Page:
Honda says its 2013 Fit EV has received the highest fuel efficiency rating ever from the Environmental Protection Agency.
The Japanese automaker says the subcompact electric car received a combined adjusted mile-per-gallon-equivalency rating of 118 mpg.
The Fit consumes 29 kilowatt hours of electricity per 100 miles and has an EPA rated annual fuel cost of $500.
With such an efficient drivetrain, the Fit EV's 20-kWh lithium-ion (Li-ion) battery provides the capacity to earn an EPA combined city/highway estimated driving range rating of 82-miles, allowing the Fit EV to surpass the EPA efficiency and range ratings of the Ford Focus Electric (105 MPGe, 76-mile range), Nissan Leaf (99 MPGe, 73-mile range), and Mitsubishi i-MiEV (112 MPGe, 62-mile range).
The Fit EV's exceptionally efficient design – encompassing everything from savvy powertrain design, weight-conscious engineering and effective aerodynamics – makes the most of the Fit EV's smaller battery. Additionally, the Fit EV battery can be recharged in less than 3 hours from a low charge indicator illumination point when connected to a 240-volt circuit.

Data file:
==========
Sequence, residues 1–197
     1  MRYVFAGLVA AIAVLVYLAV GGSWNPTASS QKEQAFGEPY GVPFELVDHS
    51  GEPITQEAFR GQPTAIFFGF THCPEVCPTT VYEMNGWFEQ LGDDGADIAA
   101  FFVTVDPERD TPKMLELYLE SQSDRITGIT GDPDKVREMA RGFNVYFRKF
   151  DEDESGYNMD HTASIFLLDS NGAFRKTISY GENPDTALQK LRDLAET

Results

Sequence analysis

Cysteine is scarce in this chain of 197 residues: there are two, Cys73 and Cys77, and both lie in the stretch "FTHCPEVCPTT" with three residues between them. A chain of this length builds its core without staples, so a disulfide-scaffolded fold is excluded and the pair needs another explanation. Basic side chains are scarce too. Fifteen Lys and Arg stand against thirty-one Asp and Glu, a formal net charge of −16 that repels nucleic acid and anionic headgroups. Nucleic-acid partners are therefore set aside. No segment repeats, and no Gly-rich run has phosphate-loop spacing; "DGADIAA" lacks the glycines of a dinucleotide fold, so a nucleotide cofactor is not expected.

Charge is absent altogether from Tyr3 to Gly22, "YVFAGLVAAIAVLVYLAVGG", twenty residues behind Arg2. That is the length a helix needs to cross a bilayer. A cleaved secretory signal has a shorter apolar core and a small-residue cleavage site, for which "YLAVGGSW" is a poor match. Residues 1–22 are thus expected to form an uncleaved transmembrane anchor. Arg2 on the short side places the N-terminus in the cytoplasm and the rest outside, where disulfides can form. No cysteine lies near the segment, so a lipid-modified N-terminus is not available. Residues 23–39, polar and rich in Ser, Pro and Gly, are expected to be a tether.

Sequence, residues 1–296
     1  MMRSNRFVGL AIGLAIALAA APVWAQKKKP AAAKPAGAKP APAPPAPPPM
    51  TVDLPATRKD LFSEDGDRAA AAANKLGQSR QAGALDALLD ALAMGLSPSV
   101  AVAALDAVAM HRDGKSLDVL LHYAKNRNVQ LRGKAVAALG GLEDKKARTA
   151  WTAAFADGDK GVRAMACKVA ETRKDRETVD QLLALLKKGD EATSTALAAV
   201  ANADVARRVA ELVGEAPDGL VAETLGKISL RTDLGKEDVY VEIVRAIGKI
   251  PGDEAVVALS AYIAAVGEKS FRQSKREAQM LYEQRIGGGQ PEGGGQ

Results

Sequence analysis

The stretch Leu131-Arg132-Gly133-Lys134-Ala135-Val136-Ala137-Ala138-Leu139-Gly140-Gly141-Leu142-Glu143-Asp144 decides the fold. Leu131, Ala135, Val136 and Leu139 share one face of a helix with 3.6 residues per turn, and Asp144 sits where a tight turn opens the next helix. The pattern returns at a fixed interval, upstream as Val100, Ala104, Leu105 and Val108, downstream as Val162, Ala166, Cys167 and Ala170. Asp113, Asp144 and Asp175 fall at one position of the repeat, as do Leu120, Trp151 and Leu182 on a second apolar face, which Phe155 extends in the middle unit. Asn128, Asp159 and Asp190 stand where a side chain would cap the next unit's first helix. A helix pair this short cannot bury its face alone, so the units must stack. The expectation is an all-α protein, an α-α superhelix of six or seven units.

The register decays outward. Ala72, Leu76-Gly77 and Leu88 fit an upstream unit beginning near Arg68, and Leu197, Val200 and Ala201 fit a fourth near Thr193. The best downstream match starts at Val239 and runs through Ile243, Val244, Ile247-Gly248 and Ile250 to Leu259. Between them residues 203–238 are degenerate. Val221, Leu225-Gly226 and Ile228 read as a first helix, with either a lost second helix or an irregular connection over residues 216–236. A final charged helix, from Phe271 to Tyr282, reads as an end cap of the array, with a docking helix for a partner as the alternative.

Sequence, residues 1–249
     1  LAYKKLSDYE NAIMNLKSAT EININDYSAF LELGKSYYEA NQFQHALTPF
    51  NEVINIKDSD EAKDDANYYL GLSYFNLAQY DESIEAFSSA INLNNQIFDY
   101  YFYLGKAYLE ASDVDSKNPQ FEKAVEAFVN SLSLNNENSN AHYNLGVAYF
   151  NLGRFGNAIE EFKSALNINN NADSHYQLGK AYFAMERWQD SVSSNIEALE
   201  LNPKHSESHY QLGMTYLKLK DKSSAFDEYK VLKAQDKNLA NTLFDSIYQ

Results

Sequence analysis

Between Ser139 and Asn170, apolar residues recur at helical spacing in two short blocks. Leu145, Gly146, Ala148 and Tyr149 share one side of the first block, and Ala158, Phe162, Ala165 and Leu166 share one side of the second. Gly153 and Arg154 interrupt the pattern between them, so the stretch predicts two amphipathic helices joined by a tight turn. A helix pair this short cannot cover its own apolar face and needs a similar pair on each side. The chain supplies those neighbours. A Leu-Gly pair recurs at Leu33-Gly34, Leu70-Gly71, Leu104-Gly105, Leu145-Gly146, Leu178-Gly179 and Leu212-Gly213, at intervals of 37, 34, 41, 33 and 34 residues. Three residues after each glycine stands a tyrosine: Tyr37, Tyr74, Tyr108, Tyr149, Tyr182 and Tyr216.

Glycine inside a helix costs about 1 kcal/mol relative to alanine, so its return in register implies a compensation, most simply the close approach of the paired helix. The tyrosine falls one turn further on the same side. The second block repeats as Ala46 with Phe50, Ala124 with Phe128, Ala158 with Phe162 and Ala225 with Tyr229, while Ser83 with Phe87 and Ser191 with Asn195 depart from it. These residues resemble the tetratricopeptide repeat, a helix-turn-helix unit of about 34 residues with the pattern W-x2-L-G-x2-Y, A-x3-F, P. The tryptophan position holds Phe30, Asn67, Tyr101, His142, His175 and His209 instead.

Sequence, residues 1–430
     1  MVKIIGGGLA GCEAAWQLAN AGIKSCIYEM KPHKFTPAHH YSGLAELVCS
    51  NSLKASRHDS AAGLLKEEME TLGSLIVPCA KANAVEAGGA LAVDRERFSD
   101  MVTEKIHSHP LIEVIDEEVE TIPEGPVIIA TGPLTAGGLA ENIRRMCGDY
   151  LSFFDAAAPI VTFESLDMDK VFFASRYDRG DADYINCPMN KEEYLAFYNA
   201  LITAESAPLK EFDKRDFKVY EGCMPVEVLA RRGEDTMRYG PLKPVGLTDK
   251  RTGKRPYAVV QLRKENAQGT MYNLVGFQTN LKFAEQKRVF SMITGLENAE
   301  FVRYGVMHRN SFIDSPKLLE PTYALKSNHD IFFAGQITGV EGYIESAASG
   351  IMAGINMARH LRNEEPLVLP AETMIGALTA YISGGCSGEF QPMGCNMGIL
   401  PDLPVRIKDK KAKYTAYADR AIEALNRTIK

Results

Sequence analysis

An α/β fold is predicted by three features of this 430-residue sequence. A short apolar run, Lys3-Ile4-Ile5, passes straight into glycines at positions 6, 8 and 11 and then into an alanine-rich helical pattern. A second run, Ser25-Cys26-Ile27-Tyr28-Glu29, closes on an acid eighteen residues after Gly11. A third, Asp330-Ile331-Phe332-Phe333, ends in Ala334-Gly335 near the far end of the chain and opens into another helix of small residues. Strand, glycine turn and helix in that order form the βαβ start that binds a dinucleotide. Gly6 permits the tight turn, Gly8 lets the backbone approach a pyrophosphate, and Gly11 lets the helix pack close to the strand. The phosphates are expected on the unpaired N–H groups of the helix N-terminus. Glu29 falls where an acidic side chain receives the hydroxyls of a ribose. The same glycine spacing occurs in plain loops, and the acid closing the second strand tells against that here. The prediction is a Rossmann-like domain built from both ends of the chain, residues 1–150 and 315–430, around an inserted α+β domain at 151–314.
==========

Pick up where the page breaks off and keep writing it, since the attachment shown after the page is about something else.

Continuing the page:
"Just as important as the industry-leading fuel-efficiency and fast recharging time, as a Honda, the 2013 Fit EV will be an absolute kick to drive," said Steve Center, vice president of the American Honda Environmental Business Development Office.
The Fit EV's 92 kilowatt (123 horsepower) coaxial electric motor generates 189 ft-lb of torque, and is teamed to a chassis with a fully-independent suspension and a driver-selectable 3-mode electric drive system adapted from the CR-Z Sport Hybrid.
The key to maximizing energy efficiency is Honda’s new regenerative braking system. The Fit EV features an electric braking system that uses an electric motor to directly drive the pump that serves the brake fluid.
This system has very high accuracy. This means more efficiency. It’s more faithful to the brake input from the driver. [Honda estimates that the servo-based system increasing efficiency by at least 5 percent.]
When you take your foot off the accelerator, you immediately have a little bit of regenerative braking. Then, you put your foot on the brake—and if you look at the curve on the hydraulic system, it goes up very sharply. But if you look at the yellow zone in the graph, [in the old system] the regeneration doesn’t go up as sharply and it’s delayed. The idea of the new system is to bring the regenerative yellow zone closer to the hydraulic response.
The first part of the slope is very similar to the hydraulic. Then, as you start reaching the regeneration limit, the slope gradually slows down a little and reaches the limit after what the hydraulic system can do. After that, you can keep regeneration system at the highest level longer than the current system. And just before you stop, the drop is even sharper than the old regeneration system.